Love affair with cars is taking its toll

We can call them toll highways or congestion charges or road pricing, or just another tax, but the era of the “freeway” is clearly passing its due date.

Charging tolls on highways and roads may be wildly unpopular among voters everywhere — and politically dangerous around the world — but in almost all other respects, it solves many problems: It can relieve traffic congestion, help save the environment, increase economic efficiency and protect many taxpayers.

And, yes, it can finance the construction of new roads and expansion of existing ones, but only if they’re truly needed.

An electronic road pricing scheme already exists in Toronto, which is now considering more.

The auto congestion charge in London, England, has become famous as much for reducing downtown traffic and increasing public transit use, as it has for gaining public acceptance.

Singapore has one. Stockholm has one. Milan introduced one this year.

Toll roads force more people to use public transit, and therefore make public transit more efficient and more attractive.

They persuade some people to live closer to work. They can make shipping by rail more attractive than by truck, therefore relieving congestion and sparing us all the air pollution.

In Toronto and many other jurisdictions, the business community, often opposed to more “taxes,” has come to understand the various benefits of road pricing.

It’s true that gasoline taxes should cover the cost of new roads and road maintenance, but it’s not clear they actually do.

And, yes, the price of gasoline is already surging, but clearly motorists can use more encouragement to avoid running their cars.

In an increasingly urban country, efficient road and transportation systems are vital to the economy.

But when too many users consider the service “free” and squander the privilege, it quickly begins to fail. Governments cannot maintain roads or expand them fast enough to meet the seemingly unquenchable thirst of a car-addicted society.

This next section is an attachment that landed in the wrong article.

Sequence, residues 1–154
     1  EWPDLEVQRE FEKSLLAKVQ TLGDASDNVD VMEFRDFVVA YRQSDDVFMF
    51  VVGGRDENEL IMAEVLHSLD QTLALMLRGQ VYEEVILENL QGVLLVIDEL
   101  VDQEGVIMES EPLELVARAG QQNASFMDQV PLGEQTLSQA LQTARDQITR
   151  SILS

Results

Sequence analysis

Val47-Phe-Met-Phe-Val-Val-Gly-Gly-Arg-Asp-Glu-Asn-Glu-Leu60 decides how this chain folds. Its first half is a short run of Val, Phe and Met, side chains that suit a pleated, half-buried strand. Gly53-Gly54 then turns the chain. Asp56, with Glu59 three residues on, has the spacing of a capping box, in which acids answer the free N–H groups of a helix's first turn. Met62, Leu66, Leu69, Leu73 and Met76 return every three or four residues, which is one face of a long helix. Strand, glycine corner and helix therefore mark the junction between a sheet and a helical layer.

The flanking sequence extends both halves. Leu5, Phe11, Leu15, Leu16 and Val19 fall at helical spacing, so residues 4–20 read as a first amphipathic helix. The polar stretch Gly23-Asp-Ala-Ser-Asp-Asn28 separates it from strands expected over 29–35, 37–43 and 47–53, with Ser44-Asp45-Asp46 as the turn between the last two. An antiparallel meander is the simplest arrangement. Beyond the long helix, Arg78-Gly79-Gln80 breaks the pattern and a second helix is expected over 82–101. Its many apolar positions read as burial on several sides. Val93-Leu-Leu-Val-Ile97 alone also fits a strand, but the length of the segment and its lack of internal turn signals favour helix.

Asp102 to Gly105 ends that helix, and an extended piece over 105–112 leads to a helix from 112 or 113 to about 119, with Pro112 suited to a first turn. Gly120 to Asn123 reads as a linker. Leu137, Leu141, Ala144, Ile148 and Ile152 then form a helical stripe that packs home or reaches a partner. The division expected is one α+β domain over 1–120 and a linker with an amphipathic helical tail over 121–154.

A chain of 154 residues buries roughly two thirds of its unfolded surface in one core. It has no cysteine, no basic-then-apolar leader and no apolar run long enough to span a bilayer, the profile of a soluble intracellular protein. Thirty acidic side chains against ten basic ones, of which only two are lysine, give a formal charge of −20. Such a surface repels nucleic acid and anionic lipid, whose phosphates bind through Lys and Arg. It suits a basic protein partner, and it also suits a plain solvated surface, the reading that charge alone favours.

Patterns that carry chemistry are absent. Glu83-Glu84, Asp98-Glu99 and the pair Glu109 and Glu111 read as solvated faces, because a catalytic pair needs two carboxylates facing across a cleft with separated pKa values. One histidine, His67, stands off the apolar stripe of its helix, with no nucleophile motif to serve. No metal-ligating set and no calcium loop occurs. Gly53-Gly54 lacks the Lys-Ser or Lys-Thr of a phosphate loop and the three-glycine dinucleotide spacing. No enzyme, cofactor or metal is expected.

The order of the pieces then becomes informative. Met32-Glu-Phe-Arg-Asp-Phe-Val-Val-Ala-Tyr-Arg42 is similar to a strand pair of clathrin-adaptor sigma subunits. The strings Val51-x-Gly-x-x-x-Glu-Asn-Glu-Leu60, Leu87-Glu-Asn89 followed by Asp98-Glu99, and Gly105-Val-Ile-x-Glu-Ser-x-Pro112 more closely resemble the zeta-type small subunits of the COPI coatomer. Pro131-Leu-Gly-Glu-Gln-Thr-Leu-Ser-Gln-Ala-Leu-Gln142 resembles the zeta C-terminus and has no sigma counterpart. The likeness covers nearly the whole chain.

It’s time we put an end to the free ride.

— Paul Berton,


Pollution kills 10,000 a year in Hong Kong, southern China

12 Jun, 2008, 1050 hrs IST, AGENCIES

HONG KONG: Air pollution is causing 10,000 premature deaths a year in Hong Kong, Macau and southern China’s Pearl River Delta, according to a report published on Thursday.

Respiratory diseases caused by the worsening smog is estimated to be costing 440,000 hospital bed days and 11 million doctor visits and costing the region’s economy 6.7 billion yuan ($964 million) a year.

The estimates are contained in a report on the effects of poor air quality by the Hong Kong-based think tank Civic Exchange published in newspapers Thursday.

The survey was conducted over nine months by health, science and public policy experts who based their findings on air pollution from 2003 to 2006.

Smog in Hong Kong and the Pearl River Delta has worsened considerably in the past decade, largely because of vehicle emissions and pollution from neighbouring industrial southern China.

Previous reports have warned that the air pollution in Hong Kong is causing thousands of premature deaths and that foreign investors are avoiding the former British colony because of its smog.


New York, May 30 2008 11:00AM

The transport sector is expected to contribute so much to greenhouse gas emissions in the future that it must play a key role in shaping the global climate change deal which countries have agreed to try to clinch next year, a senior United Nations environmental official <”“>says.

Yvo de Boer, the Executive Secretary of the UN Framework Convention on Climate Change (<““>UNFCCC), told the <””>International Transport Forum yesterday in Leipzig, Germany, that data indicates that emissions from the sector will rise by more than 30 per cent by 2010 when compared to 1990 levels – the highest increase of any sector.

“You have a choice,” he told participants at the forum. “The question is whether you as transport stakeholders are willing to proactively shape the Copenhagen deal [scheduled for next year] or have your policies shaped by it.”

Last December in Bali the world’s countries agreed to launch formal negotiations to reach a long-term global agreement on climate change, including detailed measures on mitigation, adaptation, technology and finance, by the time of the international conference scheduled for Copenhagen in late 2009.

Mr. de Boer said the transport sector had been “woefully inadequate” so far in taking political action to curb greenhouse gas emissions and develop strategies to benefit the environment.

“All of the current trends in transport fly in the face of what science tells us is required. Developed countries now need to start thinking hard about what short and medium-term sectoral emission reductions they want to commit to in the transport sector, along with what interim targets they want to build in on the way.”

He suggested the sector consider ambitious carbon dioxide standards for cars, more integrated transport strategies and encouraging emissions trading as potential ways to combat climate change.

2008-05-30 00:00:00.000


For more details go to UN News Centre at